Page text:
While I agree that there isn't a great theme connecting the three stories as a whole, it is interesting that the characters are pretty aimless as they explore the city.  Even Mitsuko and Jun are shown walking around more than when they visit monuments.  It puts the city as the primary aspect of the film, even though it isn't shown in a particularly flattering light.  In one of the essays I read during undergrad, Juan Suarez pointed out that Jarmusch includes characters that are in movies so briefly that they are more like accessories to the scenery around them.  In this case, it's the woman in the silver dress who leaves the Arcade when Jun and Mitsuko are trying to decide where they should spend the night.  Sometimes, the inhabitants of the movies feel like they are less important than the city they walk around.

JC: I agree with you that the characters often feel more like a part of the city that hangs behind them than distinct entities within it, but I also think that is indicative of Jarmusch's ability to convey a great deal within sparse frames. If the Hopper-esque composition of Jun and Mitsuko in their hotel room often seems the focus over them, it also speaks to their internal mood of longing and alienation in a place they find as exciting as lonely.

And in general, I find the film's movement to be quite musical, especially in relation to Memphis' strong blues background. Jarmusch has long favored repetitious setups from different angles and with different characters, and in this film that cyclical but mildly variant structure comes to resemble the basic building blocks of blues, 12-bar progressions and pentatonic scales that are reused and reused but yield different results.

It also fits into the tacit roles appropriation plays in the film, not only in the subtle nods to the city's complex racial history but its ties to its musical heritage. It's telling to me that the film opens with Elvis' famous rendition of "Mystery Train," but it ends with Junior Parker's original (also recorded for Sun), a possible commentary on the flipside of Elvis' reputation as a barrier crosser that concerns how he turned black artists' songs into hits for himself. But I also think Jarmusch digs deeper than a mere screed, and in Johnny (played by a punk rocker who helped curb the excesses of rock back to its roots) the film depicts a white man appropriating Elvis! That Johnny is actively opposed to this does not absolve him, perhaps in the way that Elvis' own lack of malice in paying tribute to the music he loved does not preclude him from having unintentionally profited instead of those musicians. Jarmusch may seem cool and removed, but he treats such things on the actual level of the people involved, understanding that the truth of human living is more complex than a cultural critique that ignores such factors.

AK: Yeah, in general I would say that Jarmusch directs with a humanist eye.  I didn't mean to say that the setting is completely more important than the characters, just that it is given a higher amount of worth in his films to the point where some characters become more a part of the city than a part of the film's narrative.  

I also like the comparison's with Hopper. Since this is his first color film after Permanent Vacation it's interesting to see how he uses color on film, especially during night scenes. He's also picking very Hopper locales, like the diner and hotel, especially since they are shown both inside and out, where the characters look isolated. I would say as a general rule of thumb for Jarmusch, his films center around when isolated people have unusual interactions with someone else that forces them outside of their routine. I'm thinking mainly about the cousin visiting in Strangers in Paradise, how Roberto Benigni's character breaks up the quiet in the cell, and most of the stories in Coffee and Cigarettes center around similar encounters. But I don't know, now that I'm trying to define it, isn't that the case with most movies? You meet someone and your life changes a little, or something unusual happens and before you know it, there's a great story?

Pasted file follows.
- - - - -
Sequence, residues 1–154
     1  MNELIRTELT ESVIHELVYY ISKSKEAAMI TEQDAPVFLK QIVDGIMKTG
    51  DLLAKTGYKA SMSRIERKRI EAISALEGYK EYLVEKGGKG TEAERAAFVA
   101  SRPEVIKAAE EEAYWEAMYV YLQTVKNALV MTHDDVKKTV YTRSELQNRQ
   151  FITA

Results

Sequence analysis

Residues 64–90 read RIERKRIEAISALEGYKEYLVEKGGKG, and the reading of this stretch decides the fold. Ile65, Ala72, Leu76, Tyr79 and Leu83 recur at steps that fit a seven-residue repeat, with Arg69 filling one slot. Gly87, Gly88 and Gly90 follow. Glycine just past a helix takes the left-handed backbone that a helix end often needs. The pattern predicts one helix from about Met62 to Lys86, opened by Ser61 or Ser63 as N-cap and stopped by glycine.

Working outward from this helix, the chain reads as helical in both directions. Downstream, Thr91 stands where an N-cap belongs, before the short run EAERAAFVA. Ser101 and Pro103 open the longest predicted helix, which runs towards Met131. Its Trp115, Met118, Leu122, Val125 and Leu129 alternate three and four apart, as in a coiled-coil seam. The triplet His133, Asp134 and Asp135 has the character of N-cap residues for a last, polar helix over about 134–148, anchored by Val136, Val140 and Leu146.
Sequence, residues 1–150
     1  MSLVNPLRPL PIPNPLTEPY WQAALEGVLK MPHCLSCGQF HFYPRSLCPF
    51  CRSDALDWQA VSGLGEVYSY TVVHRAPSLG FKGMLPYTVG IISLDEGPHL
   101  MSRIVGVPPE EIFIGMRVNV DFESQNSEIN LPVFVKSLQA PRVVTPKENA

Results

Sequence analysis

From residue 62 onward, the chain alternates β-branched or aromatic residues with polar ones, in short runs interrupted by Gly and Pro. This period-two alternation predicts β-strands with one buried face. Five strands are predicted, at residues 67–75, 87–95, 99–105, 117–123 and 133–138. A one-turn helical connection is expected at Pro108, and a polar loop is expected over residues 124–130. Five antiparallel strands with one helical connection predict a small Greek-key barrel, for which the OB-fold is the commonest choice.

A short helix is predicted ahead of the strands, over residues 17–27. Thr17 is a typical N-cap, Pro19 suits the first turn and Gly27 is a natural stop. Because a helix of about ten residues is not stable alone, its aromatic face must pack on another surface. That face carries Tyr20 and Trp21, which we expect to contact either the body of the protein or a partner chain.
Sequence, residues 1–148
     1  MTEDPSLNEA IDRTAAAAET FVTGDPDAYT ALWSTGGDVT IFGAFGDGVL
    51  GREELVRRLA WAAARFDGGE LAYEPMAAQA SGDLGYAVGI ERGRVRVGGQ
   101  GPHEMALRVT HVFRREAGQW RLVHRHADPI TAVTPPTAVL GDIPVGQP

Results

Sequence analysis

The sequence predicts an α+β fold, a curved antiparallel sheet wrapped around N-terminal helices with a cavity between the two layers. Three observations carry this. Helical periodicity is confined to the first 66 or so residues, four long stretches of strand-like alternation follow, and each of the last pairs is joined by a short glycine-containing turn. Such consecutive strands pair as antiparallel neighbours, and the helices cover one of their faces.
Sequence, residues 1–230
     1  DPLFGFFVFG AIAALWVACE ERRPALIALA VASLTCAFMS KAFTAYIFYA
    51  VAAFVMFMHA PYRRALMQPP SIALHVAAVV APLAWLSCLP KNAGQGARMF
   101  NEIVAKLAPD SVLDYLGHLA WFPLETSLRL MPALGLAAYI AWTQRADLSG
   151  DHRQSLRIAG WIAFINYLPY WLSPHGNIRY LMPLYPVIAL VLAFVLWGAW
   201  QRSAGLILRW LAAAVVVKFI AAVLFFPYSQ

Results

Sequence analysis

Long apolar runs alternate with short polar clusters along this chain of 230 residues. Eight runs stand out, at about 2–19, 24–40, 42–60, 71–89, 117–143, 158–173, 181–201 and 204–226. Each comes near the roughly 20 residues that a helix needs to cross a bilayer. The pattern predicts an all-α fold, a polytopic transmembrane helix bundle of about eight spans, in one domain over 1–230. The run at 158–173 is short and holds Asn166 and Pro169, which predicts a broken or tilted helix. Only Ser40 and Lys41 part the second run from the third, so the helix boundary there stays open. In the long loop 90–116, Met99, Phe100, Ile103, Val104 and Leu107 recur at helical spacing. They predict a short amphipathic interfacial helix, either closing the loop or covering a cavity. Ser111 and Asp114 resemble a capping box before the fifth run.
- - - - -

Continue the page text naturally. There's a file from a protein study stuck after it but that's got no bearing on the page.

JC: I like that. You could also say the same about life, which may be why, for all their stylized composition, arch dialogue and postmodern genre trappings, Jarmusch's films give me a real sense of life to them, with little surprises that complement the surreally removed tone of his shots while also injecting them with humanity.

My favorite moment of the film is one of Jarmusch's most off-handed displays of this. When Jun and Mitsuko are waiting at the station at the start of the film, they are asked for a light by a man I was surprised to discover on my second or third viewing was Rufus Thomas, who like so many Memphis artists coming up in the '50s recorded his first work at Sun and later become one of the key acts of the legendary Stax label. His identity alone deepens the first impression of the man as just a poor local milling about a run-down building, but even without that knowledge, his character upends expectation when he thanks the couple in Japanese. Granted, saying "Arigato" is no proof of fluency, but the response is nevertheless surprising, and a reminder that people so often do not fit into the molds we cast for them. Jarmusch often populates specifically American cities with multinational casts, but sometimes, even the locals remind us that they are aware of a world outside their borders, and as most great works of minimalism, a vastness breaks out from modest structures.

AK: Yeah! That's something I always appreciated with Jarmusch is that he remembers that there we live in a multinational, multilingual world. Usually it feels like American films that handle foreign characters or settings become so focused on exploring the otherness of other cultures that it feels really disingenuous. In contrast, Jarmusch creates movies where a diversity of ethnicity, nationality, and language is the natural order of things. People are isolated, but I wouldn't say that they are othered in the traditional travel-narrative way.